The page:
2020 was a year of record gun sales, and that trend appears to be continuing in 2021. Many of those guns were purchased by first-time gun owners. The gun industry tends to assume that their customers already know the ins and outs of the world of guns. In the interest of education, here are some pointers on gun store etiquette.
Always follow the rules of basic gun safety. Never point a gun at a person unless you intend to shoot them. Actions should be open and guns should be unloaded unless they are being used. Keep your finger off the trigger until you are ready to fire. These rules still apply when handling guns for sale, particularly the rule about pointing guns at people.
DON’T UNHOLSTER YOUR GUN IN THE STORE. Unless there is a shootout going on, in which case you are more than welcome to join in. Other than that one (thankfully) rare circumstance you should not unholster your gun in the shop. This one goes for employees too. Drawing a carry pistol to show a customer is the mark of an unprofessional employee.
Carry guns are assumed to be loaded because they really should be loaded. When you take a gun out of concealment, the staff have to assume you are pulling out a loaded gun. Even if the staff knows that you are not pulling a gun for nefarious purposes, you are still handling a loaded gun away from the range. Unfortunately, customers regularly point empty display guns at the staff. While we don’t like it when unloaded guns are pointed at us, we especially don’t like it when presumably loaded guns are pointed at us.
Any gun you bring into the store should be unloaded, and ideally should be in a case. A cased firearm is unlikely to have an accidental discharge. And the staff can oversee the uncasing and clearing of the gun in a much more controlled manner than if the gun is in the customer’s hand. If you are unsure what the store’s rules are about bringing in a gun, please call and ask them what they prefer. It’s the courteous thing to do.
Some stores allow customers to bring in uncased firearms. If you are bringing your gun in without a case, make sure it is visibly unloaded. Your magazine should be removed and the action should be locked open. If your gun does not have a bolt catch, it is a good idea to use a chamber flag. It can be pretty uncomfortable when someone walks through the door holding an AR with a magazine inserted and the bolt closed. The staff will probably issue some stern instructions to the person holding the gun so that it is cleared safely. All you have to do to avoid an uncomfortable conversation is follow the safety rules that are almost always posted on the door of the shop.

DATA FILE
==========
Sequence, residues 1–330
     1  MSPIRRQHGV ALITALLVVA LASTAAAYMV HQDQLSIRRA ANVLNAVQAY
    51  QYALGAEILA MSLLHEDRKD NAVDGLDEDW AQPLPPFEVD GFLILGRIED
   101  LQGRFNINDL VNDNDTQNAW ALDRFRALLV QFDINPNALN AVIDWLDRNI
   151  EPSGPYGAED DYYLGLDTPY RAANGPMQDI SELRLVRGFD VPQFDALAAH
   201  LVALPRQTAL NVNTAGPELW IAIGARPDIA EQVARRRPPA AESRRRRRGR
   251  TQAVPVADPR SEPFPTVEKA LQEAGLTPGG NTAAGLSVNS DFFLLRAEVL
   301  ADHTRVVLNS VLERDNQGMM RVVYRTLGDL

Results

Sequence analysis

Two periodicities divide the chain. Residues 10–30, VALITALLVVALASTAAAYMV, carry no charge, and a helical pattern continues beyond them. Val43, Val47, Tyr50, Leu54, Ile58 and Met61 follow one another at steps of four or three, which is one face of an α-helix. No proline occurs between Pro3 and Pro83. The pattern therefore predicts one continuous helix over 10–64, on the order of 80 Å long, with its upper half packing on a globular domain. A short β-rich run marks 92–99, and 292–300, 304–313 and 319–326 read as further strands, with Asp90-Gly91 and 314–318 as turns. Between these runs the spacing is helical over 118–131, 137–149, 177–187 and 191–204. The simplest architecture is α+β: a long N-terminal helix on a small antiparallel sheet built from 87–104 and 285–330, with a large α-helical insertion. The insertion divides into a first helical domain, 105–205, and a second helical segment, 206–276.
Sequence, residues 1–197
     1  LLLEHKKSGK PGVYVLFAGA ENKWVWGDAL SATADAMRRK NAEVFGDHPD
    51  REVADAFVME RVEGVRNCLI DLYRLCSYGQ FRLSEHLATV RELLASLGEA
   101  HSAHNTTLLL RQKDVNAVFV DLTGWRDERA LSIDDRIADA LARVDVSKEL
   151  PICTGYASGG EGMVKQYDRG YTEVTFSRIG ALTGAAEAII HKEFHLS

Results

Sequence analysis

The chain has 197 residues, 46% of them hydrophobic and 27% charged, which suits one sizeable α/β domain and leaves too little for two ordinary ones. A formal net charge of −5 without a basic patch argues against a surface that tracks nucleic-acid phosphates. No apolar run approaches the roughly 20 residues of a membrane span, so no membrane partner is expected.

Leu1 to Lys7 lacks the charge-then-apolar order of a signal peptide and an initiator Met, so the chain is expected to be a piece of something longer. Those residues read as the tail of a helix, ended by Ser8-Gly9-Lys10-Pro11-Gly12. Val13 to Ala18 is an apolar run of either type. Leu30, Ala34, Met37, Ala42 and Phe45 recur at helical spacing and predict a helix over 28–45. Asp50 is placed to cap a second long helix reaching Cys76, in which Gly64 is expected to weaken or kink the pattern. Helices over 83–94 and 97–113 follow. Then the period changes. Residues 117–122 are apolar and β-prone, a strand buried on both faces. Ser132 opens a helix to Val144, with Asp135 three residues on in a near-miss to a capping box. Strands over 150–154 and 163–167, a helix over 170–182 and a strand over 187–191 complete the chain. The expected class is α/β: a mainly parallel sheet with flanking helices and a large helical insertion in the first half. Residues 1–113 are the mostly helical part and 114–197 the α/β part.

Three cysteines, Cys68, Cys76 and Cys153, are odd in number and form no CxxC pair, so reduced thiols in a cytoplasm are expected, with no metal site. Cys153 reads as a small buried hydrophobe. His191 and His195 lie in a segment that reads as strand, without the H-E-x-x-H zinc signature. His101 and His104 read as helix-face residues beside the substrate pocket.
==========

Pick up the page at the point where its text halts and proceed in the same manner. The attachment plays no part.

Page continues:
The gun business operates on boom-and-bust cycles. Politics and current events drive gun sales in the United States. This creates phases of extreme demand (with associated scarcity), phases where demand starts to even out, and phases of oversupply. During times of heightened demand, you will not have the same selection of products as in more plentiful times. The prices for guns and ammunition tend to be much higher during these periods of heightened demand. If you are looking for a normally common gun, accessory, or ammunition type, and you can’t find it, odds are there is elevated demand.
Even when times are good and supply is ample, gun stores cannot stock every item in the world. The more popular an item, the more likely it is to be found in any given shop. The opposite is true as well. The odds are not good that a small local store will have spare parts for a rare or out-of-production gun. But exceedingly common items like scope bases for a Remington 700 or the bolt carrier group for an AR-15 can usually be found locally.
Reasonableness also extends to interactions with the staff. It is very unlikely they will be able to answer every question you might have. The employee you talk to may not share your abiding interest in Swiss military surplus rifles but probably can compare and contrast the SIG Sauer P365 and the Springfield Armory Hellcat for you.
#3 Different Stores Are Different
Gun stores range from hole in the wall shops to massive big box stores. Some shops have a large selection of hunting rifles and shotguns while others are primarily stocked with AR-15s and striker-fired pistols. You may hear country music in one store, and synthwave in the store down the street. The point here is this: find a store that matches your vibe. If you are a new shooter and the shop you’ve been going to is rude to new shooters, it’s a good idea to look elsewhere. In most places, there will be at least a few options. Similarly, someone in the market for body armor and night vision will probably not have good luck at a store with large numbers of taxidermied animals on the walls. Find a shop that is a good fit for you. It is usually worth a little drive to do so.
In summary, gun stores are retail establishments with human employees. Those gun counter workers care about their safety, so they will probably enforce some basic safety rules. They’re also mere mortals who can answer common questions and sell common products. If you calibrate your expectations to those realities, you are more likely to have a positive experience the next time you stop at your local gun store.